Can I rely on the state pension for retirement?

By September 17, 2020 No Comments

This content is for information and inspiration purposes only. It should not be taken as financial or investment advice. To receive personalised, regulated financial advice please consult us here at Elmfield Financial Planning in Padiham, Burnley, Lancashire.

It is estimated that as many as 15m people (i.e. 1 in every 3 retirees) in the UK have no pension savings at all. Those over the age of 50 are especially at risk of pension poverty, since there is less time to build up a viable strong retirement fund (although it is certainly not too late). Many people seem to believe that the government will look after them when they stop working, much like the National Health Service (NHS) takes care of us when we are sick. Unfortunately, whilst there is some state support available for those entering retirement, this is unlikely to meet the expenditure needs of most households.

Below, our financial advisers here at Elmfield Financial Planning offer this short guide on the state pension to people living in Padiham, Burnley, Lancashire and beyond. The aim is to show that whilst the state pension will typically form a crucial pillar of a retirement plan, most people will also need to build additional savings. We hope you find this content useful. If you’d like to speak to an independent financial adviser then you can reach us via:

T: 01282 772938



What the state pension provides

For some time now the state pension has increased year-on-year to match the rising costs of living (i.e. the “Triple Lock”). In 2019-20, for instance, the full new state pension provided £168.60 per week (£8,767.20 per year) whilst in 2020-21 it now provides £175.20 per week – i.e. £9,110.20 each year. To receive this amount you need at least 35 qualifying years’ of national insurance contributions (NICs), and a minimum of 10 years to receive anything at all.

The question at this stage, of course, is whether or not this is enough to support your lifestyle in retirement. This largely depends on your financial goals and the kind of lifestyle you want to achieve. A good starting point is to assume that you will need at least 2/3rds of your annual salary (pre-retirement). So, if you earn £30,000 per year in the year before you fully retire then you may need £20,000 to live comfortably.

This formula only works up to a point, however. For instance, a lower earner on £20,000 per year may, theoretically, only need £13,000 per year. Yet research suggests that, in 2020-21, most households will require at least £17,000 coming in annually to meet their basic needs. Of course, it might be possible to cover this with two full new state pensions – i.e. you and your spouse or partner. Yet it’s important to consider what may happen to your retirement income if one of you died prematurely in retirement.

Remember, even if you can inherit some of your deceased spouse’s/partner’s state pension, this is unlikely to stretch to what it was before. As a result, most people will need to consider additional options to build their retirement fund.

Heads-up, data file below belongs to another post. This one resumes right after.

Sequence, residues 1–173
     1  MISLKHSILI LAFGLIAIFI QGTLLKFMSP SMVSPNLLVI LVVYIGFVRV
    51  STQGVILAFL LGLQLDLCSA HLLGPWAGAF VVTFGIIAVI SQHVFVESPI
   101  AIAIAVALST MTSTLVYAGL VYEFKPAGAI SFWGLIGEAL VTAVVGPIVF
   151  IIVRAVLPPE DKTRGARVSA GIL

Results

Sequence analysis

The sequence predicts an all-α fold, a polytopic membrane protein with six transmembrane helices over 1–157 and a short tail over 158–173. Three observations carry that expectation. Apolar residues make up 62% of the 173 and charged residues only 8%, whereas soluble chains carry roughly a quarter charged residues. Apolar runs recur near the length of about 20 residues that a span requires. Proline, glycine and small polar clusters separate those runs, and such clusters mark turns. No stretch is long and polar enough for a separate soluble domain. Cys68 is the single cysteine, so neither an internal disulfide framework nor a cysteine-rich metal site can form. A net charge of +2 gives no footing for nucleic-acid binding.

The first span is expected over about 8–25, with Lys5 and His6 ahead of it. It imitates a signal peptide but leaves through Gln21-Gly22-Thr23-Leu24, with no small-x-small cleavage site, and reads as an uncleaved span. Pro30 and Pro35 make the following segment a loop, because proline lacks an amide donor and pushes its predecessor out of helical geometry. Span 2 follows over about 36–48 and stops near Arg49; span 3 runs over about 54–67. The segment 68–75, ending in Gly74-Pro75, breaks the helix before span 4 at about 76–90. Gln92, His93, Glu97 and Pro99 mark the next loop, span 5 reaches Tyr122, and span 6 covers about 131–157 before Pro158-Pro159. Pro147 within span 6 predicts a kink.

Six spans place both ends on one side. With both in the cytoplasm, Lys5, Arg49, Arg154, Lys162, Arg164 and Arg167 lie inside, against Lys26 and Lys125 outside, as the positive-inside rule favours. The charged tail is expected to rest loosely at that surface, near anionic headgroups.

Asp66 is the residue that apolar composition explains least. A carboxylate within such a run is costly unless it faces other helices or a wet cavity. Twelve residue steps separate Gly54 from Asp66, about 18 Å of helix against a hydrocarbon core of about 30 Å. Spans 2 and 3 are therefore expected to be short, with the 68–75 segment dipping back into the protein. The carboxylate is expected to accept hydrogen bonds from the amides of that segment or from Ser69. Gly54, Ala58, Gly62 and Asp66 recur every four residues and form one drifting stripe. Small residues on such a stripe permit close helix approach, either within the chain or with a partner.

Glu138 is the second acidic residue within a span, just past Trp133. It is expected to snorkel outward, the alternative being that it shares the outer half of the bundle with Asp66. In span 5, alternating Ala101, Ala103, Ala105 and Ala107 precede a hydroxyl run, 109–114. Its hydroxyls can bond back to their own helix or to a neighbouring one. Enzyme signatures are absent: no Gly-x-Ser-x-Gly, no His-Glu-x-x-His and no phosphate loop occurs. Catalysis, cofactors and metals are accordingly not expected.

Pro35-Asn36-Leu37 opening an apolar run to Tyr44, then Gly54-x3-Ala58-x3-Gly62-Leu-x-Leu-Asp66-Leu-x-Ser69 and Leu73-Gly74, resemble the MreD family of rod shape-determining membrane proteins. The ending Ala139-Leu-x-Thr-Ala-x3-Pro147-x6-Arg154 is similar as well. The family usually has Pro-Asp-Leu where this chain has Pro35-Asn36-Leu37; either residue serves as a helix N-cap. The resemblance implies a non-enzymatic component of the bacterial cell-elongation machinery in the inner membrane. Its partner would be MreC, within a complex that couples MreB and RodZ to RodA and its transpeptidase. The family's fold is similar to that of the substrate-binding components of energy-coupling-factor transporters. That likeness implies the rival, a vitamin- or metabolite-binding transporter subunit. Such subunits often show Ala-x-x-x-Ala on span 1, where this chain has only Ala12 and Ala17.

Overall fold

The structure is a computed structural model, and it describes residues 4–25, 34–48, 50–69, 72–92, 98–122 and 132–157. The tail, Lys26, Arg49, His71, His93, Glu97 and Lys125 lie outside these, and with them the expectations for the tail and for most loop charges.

Options for building a retirement fund

The state pension can be a powerful way to boost your retirement income. Yet its future is not guaranteed. As we write this, the “triple lock” is currently under review by the government as it seeks to address the ballooning public debt in 2020. As such, our financial advisers recommend that people in Padiham, Burnley, Lancashire and surrounding areas, think as early as possible about exploring as many avenues as possible for securing their desired future retirement. Some ideas include:

  • Leveraging your workplace pension. If you are employed then the UK’s auto-enrolment system obliged you to be put onto a workplace pension scheme. In 2020-21, you are obliged to contribute at least 5% and your employer 3%. Here, it might be wise to look at your monthly expenditure and consider whether your contributions can be increased. If you are in a position to ask for a raise, moreover, then it can also be financially astute to ask for them to increase their contributions to your workplace pension.
  • Building a private pension. Some people (e.g. the self-employed) may not have access to a workplace pension, or may benefit from lower costs or better performance by setting up a private pension. Here, there are many options open to you such as self-invested personal pensions (SIPPs) or, for company directors, perhaps a Small Self-Administered Pension (SSAS) could be a good way forward. Speak to a financial adviser if you are thinking about your options here.
  • Optimising taxes. Regardless of which kind of pension(s) you decide to use to grow your retirement fund, it’s a good idea to find ways to mitigate unnecessary taxes and costs which may eat into your investment returns. Make sure you also make the best use of the pension tax relief available to you. For higher rate taxpayers, for instance, it only “costs” you 60p to put £1 into your pension due to the 40% relief available under the current system. 


Conclusion & invitation

If you are interested in starting a conversation about your own situation then we’d love to hear from you. Get in touch to arrange a free, no-commitment consultation with a member of our team here at Elmfield Financial Planning in Padiham, Burnley, Lancashire. 

Reach us via: 

T: 01282 772938